Ware and Care: Repair as Design at the Turn of the Nineteenth and Twentieth Centuries
My research focuses upon repair as a design activity – exploring how we can understand mending as a process that pulls together all sorts of material and human agents, from users far in the future, to a chip or fracture far in the past. Over the course of the History of Design MA, I have enjoyed working across a range of archives and subjects – from bone boxes tooled in Napoleonic prisoner of war camps, to the practice of stitching ceramic mends together with brass. In January 2020, I was selected for an exchange with the Bard Graduate Center, and worked with eminent conservators while taking part in their teaching surrounding digital archaeology and issues in conservation.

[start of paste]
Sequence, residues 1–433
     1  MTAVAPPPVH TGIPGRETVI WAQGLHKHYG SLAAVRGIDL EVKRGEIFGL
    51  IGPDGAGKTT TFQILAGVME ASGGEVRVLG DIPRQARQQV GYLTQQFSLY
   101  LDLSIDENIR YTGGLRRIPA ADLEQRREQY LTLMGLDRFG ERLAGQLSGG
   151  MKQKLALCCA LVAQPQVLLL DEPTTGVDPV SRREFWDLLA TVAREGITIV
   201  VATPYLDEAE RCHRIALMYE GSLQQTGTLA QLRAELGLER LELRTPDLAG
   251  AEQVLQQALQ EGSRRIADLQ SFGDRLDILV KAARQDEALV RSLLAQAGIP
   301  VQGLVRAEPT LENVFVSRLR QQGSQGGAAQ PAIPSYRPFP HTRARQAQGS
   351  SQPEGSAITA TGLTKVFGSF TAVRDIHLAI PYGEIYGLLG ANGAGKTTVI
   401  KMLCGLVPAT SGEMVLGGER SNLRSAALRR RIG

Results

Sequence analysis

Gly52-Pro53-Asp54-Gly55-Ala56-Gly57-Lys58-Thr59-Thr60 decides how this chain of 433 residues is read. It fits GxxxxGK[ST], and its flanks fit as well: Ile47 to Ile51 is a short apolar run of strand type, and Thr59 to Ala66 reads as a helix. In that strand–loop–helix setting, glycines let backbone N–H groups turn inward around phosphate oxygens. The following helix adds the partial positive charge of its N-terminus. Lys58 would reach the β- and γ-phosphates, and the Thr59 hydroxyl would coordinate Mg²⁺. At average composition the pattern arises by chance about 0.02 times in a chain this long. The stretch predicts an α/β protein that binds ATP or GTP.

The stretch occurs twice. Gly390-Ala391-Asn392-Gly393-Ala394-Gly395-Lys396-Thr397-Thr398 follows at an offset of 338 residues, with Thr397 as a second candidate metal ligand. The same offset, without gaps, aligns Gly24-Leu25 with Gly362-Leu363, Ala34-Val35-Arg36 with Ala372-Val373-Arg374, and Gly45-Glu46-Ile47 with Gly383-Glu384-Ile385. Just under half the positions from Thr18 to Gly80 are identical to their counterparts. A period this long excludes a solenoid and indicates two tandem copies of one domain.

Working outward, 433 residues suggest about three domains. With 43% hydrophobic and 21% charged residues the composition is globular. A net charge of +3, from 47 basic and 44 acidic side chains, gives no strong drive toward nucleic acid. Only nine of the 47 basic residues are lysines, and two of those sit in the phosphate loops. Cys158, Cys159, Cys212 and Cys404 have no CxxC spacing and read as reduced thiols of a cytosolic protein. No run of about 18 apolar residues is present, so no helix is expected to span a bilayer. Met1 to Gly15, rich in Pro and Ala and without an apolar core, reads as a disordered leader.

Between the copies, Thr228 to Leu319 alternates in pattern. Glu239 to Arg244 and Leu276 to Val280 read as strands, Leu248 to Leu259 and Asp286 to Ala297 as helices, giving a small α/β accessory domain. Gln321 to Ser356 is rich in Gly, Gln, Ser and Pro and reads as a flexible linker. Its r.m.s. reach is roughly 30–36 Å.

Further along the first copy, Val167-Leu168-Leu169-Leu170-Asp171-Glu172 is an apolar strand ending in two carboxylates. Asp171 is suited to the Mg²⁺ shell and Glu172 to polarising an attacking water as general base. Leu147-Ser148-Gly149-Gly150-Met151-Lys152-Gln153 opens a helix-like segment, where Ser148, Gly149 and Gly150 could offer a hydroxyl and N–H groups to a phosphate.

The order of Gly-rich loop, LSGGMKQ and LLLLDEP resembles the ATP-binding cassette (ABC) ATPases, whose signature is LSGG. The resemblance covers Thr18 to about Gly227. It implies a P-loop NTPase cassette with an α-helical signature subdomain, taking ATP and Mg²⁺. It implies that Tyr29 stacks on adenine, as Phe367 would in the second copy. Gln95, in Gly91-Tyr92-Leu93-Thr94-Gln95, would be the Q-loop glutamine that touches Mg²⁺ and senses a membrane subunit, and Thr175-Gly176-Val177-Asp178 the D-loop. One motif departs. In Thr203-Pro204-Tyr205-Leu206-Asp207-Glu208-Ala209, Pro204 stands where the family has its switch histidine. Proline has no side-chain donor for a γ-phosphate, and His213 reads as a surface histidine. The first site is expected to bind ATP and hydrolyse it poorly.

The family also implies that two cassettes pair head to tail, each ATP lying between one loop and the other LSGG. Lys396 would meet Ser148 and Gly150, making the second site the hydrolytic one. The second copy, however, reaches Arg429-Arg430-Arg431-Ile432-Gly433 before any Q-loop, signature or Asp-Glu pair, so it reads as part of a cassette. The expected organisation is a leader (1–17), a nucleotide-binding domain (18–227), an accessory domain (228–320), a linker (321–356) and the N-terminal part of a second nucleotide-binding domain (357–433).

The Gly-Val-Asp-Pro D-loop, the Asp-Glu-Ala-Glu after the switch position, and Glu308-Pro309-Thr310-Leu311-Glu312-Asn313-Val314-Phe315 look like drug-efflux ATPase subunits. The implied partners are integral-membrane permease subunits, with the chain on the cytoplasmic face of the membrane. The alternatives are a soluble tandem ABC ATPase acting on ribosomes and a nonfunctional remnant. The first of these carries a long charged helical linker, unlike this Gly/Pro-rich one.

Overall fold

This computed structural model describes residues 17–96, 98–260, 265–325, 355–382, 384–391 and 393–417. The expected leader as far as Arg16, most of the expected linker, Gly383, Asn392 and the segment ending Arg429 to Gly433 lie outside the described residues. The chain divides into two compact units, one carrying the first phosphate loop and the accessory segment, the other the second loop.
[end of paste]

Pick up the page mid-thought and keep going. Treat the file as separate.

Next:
This time partially inspired my dissertation project, which looks at mending as a democratised design process, and the interplay between semi-professional restoration and conservation. I’m working with two radically different case studies; a 1896 instructional work by Charles Leland, ‘A Manual of Mending and Repairing’, and the experiences of graduates and staff of the RCA/V&A’s Conservation MA. Particularly during COVID19, these are demanding a willingness to experiment with my research methods – at the moment I’m experimenting with reconstruction and interviews! In the future, I would like to pursue a PhD surrounding mending and repairing, and to look for a way to blend academia with practice. Coming from a background in philosophy, where research tends to be exclusively cerebral, I’m interested in writing histories which are ‘hands on’, and thoroughly grounded in the material.